When we look at global plans for space exploration in the near future, it is a sad but likely truth that we will soon be living in a world where the number of humans who have set foot on an extraterrestrial body reaches zero. The heyday of manned lunar exploration has long passed, and the numbers of explorers are slowly following. I always knew in the back of my mind that the day would come when I would turn on the TV to the news of the passing of Neil Armstrong – a hero to so many aspiring scientists, pilots, explorers, engineers and modern-day astronauts. Now that this day has arrived and passed, I feel that it would be fitting to take a look back at his life – a life which he preferred to keep away from the prying eyes of the press and public.
Even when we look as far back as Neil’s teenage years, it is easy to see that he had one particular passion: aviation. He became a qualified pilot at the age of 16, before he even had a driving licence. He chose to study aeronautical engineering at university. He was flying military sorties as a Navy pilot long before he started his career as a test pilot, which eventually led him to join the NASA astronaut corps. If there is one thing Neil wanted to spend his life doing, it was flying.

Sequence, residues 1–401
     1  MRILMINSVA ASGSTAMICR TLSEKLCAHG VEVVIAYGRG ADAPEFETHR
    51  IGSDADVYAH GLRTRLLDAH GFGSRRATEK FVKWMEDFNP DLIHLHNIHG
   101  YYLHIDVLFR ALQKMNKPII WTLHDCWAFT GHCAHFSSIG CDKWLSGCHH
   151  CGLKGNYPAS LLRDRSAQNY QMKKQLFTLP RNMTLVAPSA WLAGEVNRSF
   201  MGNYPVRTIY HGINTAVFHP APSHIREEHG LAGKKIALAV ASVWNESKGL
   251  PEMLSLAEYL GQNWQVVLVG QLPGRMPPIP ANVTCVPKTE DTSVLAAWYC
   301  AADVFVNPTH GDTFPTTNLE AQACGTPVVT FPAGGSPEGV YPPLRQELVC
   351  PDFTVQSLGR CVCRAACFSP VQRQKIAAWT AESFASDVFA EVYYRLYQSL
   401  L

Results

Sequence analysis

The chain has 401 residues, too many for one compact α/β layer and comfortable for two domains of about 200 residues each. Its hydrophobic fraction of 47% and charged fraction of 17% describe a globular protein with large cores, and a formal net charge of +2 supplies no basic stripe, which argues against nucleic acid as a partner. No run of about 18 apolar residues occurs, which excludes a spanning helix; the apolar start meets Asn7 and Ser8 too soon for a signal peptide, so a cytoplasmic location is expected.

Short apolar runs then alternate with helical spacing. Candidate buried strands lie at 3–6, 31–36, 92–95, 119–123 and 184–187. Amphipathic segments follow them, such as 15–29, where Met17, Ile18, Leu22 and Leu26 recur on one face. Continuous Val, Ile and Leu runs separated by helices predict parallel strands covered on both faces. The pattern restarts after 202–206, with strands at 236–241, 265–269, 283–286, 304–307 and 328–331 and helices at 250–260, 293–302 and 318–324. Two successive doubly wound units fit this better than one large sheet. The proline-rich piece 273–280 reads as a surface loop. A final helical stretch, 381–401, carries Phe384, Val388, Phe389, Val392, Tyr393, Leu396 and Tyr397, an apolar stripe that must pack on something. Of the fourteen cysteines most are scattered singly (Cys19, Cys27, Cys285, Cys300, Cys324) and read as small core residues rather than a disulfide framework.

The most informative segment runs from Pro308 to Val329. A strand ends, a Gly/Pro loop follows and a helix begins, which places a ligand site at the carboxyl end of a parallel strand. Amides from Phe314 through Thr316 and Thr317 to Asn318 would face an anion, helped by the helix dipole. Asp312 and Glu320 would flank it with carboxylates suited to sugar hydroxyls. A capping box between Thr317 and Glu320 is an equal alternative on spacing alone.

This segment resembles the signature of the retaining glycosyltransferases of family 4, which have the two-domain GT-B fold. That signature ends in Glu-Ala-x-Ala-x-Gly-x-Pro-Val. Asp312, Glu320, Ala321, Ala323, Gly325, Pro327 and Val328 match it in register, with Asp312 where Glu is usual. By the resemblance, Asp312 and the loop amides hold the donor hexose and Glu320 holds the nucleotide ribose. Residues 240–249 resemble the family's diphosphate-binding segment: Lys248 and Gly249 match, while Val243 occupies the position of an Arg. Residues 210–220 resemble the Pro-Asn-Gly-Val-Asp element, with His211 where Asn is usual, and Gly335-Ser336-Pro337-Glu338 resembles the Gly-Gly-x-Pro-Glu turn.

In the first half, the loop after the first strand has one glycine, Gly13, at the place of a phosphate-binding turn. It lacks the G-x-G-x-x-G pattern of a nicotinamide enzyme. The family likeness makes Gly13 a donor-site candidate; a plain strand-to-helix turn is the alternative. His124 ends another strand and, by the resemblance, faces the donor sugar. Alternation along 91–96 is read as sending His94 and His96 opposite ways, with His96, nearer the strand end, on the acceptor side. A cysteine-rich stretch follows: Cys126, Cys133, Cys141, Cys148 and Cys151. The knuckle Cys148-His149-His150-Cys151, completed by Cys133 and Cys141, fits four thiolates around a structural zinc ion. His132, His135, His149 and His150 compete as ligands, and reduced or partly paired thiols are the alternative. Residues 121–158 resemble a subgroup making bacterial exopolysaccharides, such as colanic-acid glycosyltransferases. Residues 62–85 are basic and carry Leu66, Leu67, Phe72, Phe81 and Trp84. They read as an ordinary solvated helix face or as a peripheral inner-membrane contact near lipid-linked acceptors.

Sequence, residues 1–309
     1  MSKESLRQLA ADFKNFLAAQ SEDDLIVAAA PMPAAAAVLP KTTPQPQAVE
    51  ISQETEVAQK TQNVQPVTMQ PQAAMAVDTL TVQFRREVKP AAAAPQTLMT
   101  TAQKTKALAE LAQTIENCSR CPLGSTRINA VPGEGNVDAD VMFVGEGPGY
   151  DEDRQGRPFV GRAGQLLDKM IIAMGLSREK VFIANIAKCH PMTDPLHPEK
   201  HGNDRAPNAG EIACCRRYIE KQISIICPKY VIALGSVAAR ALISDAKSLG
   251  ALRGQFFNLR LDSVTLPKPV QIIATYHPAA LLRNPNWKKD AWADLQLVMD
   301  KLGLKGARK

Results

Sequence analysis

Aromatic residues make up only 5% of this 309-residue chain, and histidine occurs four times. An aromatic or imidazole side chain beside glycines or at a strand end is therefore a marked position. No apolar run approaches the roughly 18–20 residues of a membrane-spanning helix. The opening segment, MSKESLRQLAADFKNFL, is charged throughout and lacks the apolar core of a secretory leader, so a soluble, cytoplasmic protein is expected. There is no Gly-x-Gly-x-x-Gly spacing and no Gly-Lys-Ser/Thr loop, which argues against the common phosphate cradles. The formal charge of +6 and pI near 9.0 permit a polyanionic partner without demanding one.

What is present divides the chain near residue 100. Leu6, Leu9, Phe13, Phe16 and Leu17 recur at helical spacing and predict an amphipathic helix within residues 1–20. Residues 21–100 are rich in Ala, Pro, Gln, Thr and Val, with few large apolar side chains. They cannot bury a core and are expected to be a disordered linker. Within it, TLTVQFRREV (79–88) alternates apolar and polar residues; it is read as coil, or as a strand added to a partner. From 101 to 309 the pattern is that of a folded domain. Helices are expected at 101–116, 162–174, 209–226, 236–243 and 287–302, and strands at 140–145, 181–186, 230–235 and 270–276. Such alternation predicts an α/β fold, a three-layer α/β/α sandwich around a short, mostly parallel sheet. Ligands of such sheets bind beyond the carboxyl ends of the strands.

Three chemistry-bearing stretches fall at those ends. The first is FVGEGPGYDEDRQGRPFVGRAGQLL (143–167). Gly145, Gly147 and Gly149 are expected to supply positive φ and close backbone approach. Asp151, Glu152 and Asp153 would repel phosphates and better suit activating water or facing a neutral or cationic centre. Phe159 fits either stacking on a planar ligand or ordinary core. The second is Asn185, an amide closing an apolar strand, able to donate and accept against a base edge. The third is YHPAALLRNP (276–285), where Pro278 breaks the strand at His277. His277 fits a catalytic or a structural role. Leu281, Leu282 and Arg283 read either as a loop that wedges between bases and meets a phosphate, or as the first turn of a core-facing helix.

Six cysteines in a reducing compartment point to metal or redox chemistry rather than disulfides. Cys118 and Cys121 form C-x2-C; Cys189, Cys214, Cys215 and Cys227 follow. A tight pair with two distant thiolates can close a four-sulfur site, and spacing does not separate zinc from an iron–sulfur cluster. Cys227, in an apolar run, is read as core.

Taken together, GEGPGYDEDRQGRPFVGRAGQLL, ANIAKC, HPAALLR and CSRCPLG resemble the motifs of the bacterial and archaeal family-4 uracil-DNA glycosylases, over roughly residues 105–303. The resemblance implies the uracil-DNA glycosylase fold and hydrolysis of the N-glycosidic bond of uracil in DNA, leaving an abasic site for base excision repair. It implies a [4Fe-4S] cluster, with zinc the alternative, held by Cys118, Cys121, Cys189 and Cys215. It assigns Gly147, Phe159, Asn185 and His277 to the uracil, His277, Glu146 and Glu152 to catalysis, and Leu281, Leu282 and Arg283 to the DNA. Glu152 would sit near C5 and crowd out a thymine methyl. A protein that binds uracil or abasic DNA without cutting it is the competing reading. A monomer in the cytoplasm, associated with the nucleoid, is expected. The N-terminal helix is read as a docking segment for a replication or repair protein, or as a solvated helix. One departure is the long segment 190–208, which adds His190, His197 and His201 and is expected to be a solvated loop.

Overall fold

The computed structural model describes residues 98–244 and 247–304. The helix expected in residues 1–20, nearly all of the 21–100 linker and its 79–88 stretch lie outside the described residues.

It takes a special sort of person to command humanity’s first mission to the Moon. It would have been a costly mistake for NASA to make the wrong choice. For Apollo 11 to be a success, it had to be commandeered by someone who was prepared both emotionally and physically to fling him/herself hundreds of thousands of miles away from home with the intention of taking the first steps into a place where the temperature difference between sunlight and shadow can be as much as 250°C, and where the entire human population can be hidden behind a single thumb. There were a number of events and accomplishments during Neil’s life which came together to ensure that he was the one to climb down the ladder, stand on the lunar surface, and say the immortal words: “That’s one small step for a man, one giant leap for mankind”.